Rumor is, and don't quote me on this at all, that the Breeze is between $500 and $850. We should know more on that as we near Convention season. When you look at the prices of accessible cell phones, add ons to existing note taking devices and over the counter brands of GPS a unit that runs around that price range could be argued by some to be "affordable". Remember that most Assistive Technology is not sold to the individual buyer. It is sold to Governments and that business model has its own symbiotic relationships. So "affordable" is mostly going to be used either loosely or in a comparative way here at TRS. Your mileage and size of pocketbook will always vary.
Zoom Text USB: Going back to February now for this comment.
Too bad I read your review after purchasing ZoomText USB. I chose this product due to its portability. However, the admin right requirement really throw the wrench into its usefulness. As a result, I can't use it at the library or internet cafe.
Anything out there that runs the magnifier program directly from the flash drive? Want to avoid leaving a footprint on the guest computer system.
How about Dolphin Pen or Magic USB?
Well.. At the time of this post both Freedom Scientific's Magic and the Dolphin Pen require a Video Interceptor be installed. You may or may not run into the exact same thing again as far as Admin rights goes. However, barring a full lock down on the system, you could use System Access To Go as an alternative Screen Magnifier to all three. You don't have the same features such as pointer, focus or cursor enhancements but you do have some darn good speech going if you rely on that for screen navigation. Best part is that you can try it at your local cafe for free to see if this will work for you.
October Poll Comment: This came in from a post in November about the October 07 poll results. That poll was on Operating Systems by the way.
I am actually a bit concerned that, at this time, there is absolutely no support by any screen reader for any of the 64-bit versions of Windows. What happens if one's job for some reason requires the ability to run on that platform?
This recently came up in some of my dealings with an AT company. Costcos placed a system on sale for dirt cheap that came pre-loaded with Windows Vista.. 64 bit edition. In a short period of time they took four calls from people who had purchased this system from around the country. And all, naturally, could not run the software due to the OS being 64 bit instead of 32 bit.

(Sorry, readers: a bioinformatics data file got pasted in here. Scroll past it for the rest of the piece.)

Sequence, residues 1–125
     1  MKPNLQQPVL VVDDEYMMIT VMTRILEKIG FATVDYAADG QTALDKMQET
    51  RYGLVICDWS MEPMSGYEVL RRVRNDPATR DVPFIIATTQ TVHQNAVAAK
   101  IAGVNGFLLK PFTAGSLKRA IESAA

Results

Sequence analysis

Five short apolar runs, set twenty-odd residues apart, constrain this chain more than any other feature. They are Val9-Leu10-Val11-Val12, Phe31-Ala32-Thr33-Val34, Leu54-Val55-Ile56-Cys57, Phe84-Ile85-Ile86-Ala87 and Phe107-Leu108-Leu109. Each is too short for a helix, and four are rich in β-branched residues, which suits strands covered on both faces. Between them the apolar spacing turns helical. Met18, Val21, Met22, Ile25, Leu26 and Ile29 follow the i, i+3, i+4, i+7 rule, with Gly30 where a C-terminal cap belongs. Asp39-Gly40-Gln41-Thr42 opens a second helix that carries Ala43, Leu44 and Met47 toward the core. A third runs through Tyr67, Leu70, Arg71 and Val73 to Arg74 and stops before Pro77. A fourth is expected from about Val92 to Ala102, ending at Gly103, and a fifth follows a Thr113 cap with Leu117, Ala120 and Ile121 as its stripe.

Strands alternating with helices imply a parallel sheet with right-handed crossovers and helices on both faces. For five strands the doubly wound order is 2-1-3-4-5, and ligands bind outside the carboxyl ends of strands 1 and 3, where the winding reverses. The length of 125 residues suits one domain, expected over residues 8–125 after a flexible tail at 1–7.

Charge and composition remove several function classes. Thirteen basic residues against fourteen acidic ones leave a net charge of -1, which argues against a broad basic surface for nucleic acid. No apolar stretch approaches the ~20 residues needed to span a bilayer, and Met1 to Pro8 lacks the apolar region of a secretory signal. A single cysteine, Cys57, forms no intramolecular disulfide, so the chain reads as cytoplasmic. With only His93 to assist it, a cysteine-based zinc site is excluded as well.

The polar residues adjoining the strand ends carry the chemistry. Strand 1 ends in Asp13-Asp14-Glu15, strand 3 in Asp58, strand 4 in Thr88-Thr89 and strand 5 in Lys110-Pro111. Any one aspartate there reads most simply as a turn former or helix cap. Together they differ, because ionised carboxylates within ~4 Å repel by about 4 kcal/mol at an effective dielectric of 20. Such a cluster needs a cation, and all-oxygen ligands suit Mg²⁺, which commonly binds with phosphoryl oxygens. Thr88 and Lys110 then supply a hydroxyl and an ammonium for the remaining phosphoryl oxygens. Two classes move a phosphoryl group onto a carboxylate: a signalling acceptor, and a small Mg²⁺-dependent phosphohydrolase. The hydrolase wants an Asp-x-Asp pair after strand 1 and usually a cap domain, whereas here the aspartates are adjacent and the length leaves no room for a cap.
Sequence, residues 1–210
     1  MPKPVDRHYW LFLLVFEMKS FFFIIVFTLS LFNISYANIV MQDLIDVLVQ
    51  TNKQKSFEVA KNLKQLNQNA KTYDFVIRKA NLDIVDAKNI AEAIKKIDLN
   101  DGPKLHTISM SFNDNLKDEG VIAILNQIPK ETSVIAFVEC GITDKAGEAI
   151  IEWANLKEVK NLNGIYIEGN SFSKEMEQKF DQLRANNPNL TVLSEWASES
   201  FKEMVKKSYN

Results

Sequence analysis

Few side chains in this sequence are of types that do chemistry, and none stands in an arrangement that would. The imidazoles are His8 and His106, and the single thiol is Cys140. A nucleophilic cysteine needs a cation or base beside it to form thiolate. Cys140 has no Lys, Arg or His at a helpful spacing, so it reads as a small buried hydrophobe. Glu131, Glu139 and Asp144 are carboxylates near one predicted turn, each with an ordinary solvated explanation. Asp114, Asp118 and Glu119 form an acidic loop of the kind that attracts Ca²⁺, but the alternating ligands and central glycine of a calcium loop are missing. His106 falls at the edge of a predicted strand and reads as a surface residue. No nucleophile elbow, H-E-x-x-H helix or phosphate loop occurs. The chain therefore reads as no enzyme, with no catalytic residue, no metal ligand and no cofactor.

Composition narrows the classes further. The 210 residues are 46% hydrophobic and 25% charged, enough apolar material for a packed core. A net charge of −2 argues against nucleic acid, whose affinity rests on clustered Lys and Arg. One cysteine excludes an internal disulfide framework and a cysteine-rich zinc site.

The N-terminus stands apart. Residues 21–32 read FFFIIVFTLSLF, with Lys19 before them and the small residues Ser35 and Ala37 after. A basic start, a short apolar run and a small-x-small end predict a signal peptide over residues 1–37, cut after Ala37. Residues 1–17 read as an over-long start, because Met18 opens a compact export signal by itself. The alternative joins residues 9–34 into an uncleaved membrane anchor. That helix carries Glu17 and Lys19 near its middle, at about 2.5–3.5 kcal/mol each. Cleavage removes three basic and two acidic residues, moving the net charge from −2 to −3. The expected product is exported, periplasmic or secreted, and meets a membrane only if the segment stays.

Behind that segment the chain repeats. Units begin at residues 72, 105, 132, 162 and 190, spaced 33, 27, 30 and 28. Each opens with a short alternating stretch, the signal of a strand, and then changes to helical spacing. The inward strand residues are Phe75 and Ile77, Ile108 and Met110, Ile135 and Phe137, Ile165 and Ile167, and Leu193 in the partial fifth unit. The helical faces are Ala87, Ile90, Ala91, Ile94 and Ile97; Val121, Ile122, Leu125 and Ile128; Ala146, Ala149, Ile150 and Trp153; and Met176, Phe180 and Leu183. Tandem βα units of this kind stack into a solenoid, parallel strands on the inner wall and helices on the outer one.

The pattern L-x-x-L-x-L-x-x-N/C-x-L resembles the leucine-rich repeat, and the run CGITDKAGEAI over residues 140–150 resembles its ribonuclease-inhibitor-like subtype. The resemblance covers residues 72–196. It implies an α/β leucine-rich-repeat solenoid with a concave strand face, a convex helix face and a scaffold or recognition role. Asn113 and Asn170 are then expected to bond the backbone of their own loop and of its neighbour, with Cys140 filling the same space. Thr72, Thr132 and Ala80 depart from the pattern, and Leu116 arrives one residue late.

Most of the major players in the industry are aware that this is an issue for some of us in I.T. departments, call centers or big business where high level security is manditory. And many of these players have x64 support on their Roadmaps. At the same time we have a large number of newly Blind, older Blind and wounded Veterans all coming into the world of AT. These populations traditionally don't need this level of support in their product of choice. What bothers me is the rubber bands that the Developers face from Blind Professionals needing more high tech application support falling down the list of those Roadmaps because more product is being sold to the growing non technical audience. Development teams will be stressed and stretched to provide support to all.
I don't have a witty or humorous remark to make here because I am very worried about this subject seeing how I fall under my own definition of Blind Professional. All I can say is that I urge you to NICELY! provide feedback or feature requests to the product teams that you use or rely on daily for work. I've found that only a polite well laid out request, with bullet point lists, is one of the only ways to convince the management of these companies to move development cycles in another path not projected on the Roadmap. And remember too that these product releases are sometimes in a 18 month cycle. Which means if you are using 1.0 and you request now the request may not come until 3.0 as 2.0 maybe feature complete. Depending on the company's cycle of development added support can come sooner than a feature request or User Interface change. Oh! I've been doing this too long if I can type that out all at once and not have to spell check it..
The overall point I am trying to make is that you need to be active in how you use your AT products. Saying that one product *sucks* just doesn't help much. If you say, however, that you need support for the next version of Windows or Office on day one though.. And give some credit where credit is due. We did see support, beta or no, for Vista on day one. And some have even started on IE8 in their latest updates. We as Users have to remain polite and vocal in what we need as the next five years will be the most interesting time we have ever seen in Assistive Technology.